Employers may not do any of the following under the FMLA:  

  • Interfere with an employee’s use of FMLA leave;  


  • Discourage an employee from taking leave;  


  • Coerce or intimidate an employee into not using leave;  


  • Fire an employee for using leave;  


  • Count leave time against an employee’s work attendance; 


  • Adjust an employee’s work schedule in order to prevent their eligibility for leave;  


  • Refuse to allow leave that an employee has earned;  


  • Refuse to reinstate an employee in their previous job, or a similar job, at the end of their leave; or  


  • Take other adverse actions against an employee because they took FMLA leave.  


For more information, Protection for Individuals under the FMLA, provided by the DOL

How do I request FMLA leave?

If you are planning to take FMLA leave, you should: 

  • Provide at least thirty days written notice to your employer prior to taking leave. In circumstances where such notice is not possible, you should provide notice of the need for FMLA leave as soon as possible.  

  • Provide medical proof of the need for FMLA leave. Note, your employer may request second or third medical opinions at the employer’s expense.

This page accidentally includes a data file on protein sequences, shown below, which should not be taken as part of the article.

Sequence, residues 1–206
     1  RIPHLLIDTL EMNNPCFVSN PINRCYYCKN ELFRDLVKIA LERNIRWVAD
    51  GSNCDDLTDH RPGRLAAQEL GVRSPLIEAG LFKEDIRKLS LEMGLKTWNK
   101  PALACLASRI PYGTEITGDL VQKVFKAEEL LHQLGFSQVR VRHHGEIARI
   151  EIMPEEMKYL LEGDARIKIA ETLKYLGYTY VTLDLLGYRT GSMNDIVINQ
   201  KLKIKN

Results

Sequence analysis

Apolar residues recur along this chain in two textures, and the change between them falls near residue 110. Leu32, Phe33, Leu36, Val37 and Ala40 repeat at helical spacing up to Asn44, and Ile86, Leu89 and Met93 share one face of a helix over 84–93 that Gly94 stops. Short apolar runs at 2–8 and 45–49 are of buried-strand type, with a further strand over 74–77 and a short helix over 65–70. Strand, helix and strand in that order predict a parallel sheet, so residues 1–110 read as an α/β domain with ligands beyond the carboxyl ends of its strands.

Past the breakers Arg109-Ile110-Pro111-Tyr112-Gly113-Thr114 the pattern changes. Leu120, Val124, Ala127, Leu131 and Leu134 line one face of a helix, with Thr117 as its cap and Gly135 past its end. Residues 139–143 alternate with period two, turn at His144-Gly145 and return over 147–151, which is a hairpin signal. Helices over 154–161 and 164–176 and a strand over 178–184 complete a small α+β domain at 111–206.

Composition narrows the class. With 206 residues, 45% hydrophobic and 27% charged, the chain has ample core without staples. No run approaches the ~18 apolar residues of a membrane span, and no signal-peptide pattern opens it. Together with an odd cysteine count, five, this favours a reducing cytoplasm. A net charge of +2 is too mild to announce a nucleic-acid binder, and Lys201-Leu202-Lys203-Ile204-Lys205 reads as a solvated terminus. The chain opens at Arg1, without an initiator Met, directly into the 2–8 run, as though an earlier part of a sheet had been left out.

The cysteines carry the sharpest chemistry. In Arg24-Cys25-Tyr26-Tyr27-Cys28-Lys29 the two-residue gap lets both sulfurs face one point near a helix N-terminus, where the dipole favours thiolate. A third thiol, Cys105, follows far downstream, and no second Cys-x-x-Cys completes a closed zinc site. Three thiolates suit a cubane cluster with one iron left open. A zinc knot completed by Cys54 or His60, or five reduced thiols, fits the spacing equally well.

• Make arrangements to ensure that your benefits are not interrupted while on FMLA leave, and address issues regarding the use of accrued paid time off, sick leave, disability leave or other leave that the employer may require you to exhaust prior to taking, or may run concurrently with, FMLA leave. 

  • Be aware that employers may also require an occasional “check-in” to verify your FMLA status and intent to return to work.  

What are my employer’s obligations once I return from FMLA leave?

Generally, at the conclusion of a qualified leave period the employer must reinstate you to your former or equivalent position, with the same terms and benefits.  

Can my employer retaliate against me for taking FMLA?

No. An employer is prohibited from discriminating or retaliating against an employee or prospective employee for having exercised or attempted to exercise any FMLA right. 

What if I’m not covered by FMLA?

Talk with your employer to see what options you might have, such as using sick or vacation time. Ask your employer if short-term disability is an option. Short-term disability insurance pays a percentage of your earnings. Note that it generally only applies to the employee’s illness or injury, and does not apply to illness or injury of family members.